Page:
Organizational Behavior Analysis
March 29th 2009
Kruse Case Study
Brinker Case Study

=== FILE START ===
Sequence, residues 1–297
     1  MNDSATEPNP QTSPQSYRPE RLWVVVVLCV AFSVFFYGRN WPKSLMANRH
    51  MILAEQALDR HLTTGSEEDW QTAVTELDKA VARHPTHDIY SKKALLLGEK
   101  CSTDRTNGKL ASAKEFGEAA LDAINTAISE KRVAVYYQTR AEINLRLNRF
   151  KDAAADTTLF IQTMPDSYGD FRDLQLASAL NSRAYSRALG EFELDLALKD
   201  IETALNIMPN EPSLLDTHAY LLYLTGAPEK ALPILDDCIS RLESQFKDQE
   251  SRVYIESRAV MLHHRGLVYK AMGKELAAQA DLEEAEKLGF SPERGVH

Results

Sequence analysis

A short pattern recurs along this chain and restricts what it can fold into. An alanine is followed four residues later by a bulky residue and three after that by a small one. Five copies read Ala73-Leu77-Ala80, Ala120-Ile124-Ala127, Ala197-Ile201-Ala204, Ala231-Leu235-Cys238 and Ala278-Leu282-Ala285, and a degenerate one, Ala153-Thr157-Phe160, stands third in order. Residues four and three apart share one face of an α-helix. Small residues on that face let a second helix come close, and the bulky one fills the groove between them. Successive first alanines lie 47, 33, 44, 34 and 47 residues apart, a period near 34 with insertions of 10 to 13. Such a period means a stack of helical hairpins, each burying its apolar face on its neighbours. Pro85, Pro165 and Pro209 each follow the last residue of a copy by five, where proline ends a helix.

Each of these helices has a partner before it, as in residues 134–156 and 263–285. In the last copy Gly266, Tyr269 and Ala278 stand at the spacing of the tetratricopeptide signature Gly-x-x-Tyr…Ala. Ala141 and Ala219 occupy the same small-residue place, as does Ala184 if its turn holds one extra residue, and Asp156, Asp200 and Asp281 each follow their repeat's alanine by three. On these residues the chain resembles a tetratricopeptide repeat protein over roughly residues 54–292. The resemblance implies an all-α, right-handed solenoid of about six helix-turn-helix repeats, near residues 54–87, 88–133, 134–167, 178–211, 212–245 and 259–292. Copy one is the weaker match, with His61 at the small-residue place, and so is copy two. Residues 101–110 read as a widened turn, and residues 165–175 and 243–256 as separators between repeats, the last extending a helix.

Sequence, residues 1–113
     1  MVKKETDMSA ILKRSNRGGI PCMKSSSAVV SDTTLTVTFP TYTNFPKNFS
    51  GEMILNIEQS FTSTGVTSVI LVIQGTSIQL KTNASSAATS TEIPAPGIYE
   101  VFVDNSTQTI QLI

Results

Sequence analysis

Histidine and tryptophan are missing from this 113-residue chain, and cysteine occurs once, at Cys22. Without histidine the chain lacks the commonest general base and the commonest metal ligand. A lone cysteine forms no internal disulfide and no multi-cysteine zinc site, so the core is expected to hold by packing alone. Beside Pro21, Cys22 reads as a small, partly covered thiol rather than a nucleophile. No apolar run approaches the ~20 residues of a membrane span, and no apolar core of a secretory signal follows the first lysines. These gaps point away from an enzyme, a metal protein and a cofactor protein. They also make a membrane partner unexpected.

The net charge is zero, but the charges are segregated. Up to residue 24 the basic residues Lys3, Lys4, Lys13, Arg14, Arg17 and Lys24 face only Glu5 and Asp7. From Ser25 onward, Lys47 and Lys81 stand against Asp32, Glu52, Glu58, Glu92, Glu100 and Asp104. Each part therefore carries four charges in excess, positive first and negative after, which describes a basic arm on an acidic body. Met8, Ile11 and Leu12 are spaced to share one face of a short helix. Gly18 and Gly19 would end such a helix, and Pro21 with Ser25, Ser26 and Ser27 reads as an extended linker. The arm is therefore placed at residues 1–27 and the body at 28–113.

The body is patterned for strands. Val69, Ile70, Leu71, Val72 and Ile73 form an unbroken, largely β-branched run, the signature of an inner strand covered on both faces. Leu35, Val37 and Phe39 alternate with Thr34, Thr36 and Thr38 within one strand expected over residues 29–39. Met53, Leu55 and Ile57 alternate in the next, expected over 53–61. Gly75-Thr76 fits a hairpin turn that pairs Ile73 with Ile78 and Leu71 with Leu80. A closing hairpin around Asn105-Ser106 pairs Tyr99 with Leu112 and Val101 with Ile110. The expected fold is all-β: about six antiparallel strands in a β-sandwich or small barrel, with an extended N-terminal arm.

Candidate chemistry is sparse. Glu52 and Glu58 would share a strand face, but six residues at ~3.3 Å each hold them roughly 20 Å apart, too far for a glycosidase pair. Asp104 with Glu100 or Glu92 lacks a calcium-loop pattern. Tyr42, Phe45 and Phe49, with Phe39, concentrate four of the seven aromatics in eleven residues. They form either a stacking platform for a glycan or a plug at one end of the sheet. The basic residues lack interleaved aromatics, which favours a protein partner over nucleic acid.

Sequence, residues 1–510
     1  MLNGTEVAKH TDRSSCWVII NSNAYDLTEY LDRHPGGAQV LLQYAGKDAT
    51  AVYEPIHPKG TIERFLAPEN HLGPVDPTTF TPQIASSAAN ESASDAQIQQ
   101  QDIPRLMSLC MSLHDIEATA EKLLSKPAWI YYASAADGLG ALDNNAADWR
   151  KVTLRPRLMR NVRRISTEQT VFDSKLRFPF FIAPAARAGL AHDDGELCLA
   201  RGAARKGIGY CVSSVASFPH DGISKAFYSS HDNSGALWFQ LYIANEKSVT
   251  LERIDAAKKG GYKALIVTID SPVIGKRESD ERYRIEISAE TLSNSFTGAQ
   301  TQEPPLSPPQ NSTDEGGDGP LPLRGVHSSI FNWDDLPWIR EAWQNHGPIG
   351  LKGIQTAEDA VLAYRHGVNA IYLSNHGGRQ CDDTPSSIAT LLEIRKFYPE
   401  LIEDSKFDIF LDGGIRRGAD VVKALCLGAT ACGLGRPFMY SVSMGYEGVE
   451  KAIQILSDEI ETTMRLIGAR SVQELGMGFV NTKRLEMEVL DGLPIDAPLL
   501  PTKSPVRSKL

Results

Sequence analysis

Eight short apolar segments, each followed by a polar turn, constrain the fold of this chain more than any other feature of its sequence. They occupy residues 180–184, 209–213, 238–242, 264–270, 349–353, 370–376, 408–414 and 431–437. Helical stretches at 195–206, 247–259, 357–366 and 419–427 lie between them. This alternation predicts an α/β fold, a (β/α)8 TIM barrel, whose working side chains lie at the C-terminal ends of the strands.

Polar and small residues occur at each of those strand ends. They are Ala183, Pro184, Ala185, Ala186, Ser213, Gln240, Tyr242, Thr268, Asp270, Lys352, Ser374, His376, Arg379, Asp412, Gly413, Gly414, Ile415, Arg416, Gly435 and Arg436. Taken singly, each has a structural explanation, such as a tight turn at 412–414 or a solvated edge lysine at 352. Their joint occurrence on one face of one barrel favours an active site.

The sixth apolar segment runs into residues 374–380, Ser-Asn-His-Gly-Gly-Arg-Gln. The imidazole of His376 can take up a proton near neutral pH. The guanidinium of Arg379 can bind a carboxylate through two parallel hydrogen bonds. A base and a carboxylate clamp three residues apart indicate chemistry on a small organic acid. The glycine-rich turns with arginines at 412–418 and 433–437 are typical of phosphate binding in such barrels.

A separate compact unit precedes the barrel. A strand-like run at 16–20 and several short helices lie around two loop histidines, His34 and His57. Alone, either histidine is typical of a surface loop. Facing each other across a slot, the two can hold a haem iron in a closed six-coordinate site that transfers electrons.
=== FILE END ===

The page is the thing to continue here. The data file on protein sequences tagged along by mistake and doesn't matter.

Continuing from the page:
Norman Brinker has become known as an entrepreneur, pioneer, visionary and mentor in the restaurant industry. He has been involved in the industry for over 40 years. In the 1950’s Norman Brinker started his career in restaurants as partner in the Jack-in-the-Box restaurant chain. Here Brinker found a new love for the restaurant business. Norman Brinker was a manager who became a leader. As manager he was involved in planning and budgeting his restaurants, organizing and staffing them, as well as, controlling and problem solving with in the restaurant. As a manager he helped to reduce uncertainty and stabilize the organizations he was involved in. Norman Brinker became a leader when he developed the restaurant chain Steak and Ale, which he later sold to Pillsbury Corporation and became their vice president. As a leader, Brinker, he set forth a direction for the organization, aligned people with that direction through communication and by motivating people to action through empowerment and by basic needs gratification. Brinker is seen as one of the most influential chain builders in food service history. He believes that winners attract winners. He shows confidence in himself and has successfully led several companies in a highly competitive industry in which most fail. He surrounds himself with people who believe in themselves and are successful. He feels success is contagious. Brinker has developed a followership at Brinker International of effective followers. Effective followers are the most valuable to a leader and an organization because of the contributions they have. These followers practice self-management and self-responsibility which means they can be relied on hence the protégé Ron McDougall who took the reins as leader when Brinker retired, as well as, aligning McDougall’s predecessors. All believe what Brinker developed at...
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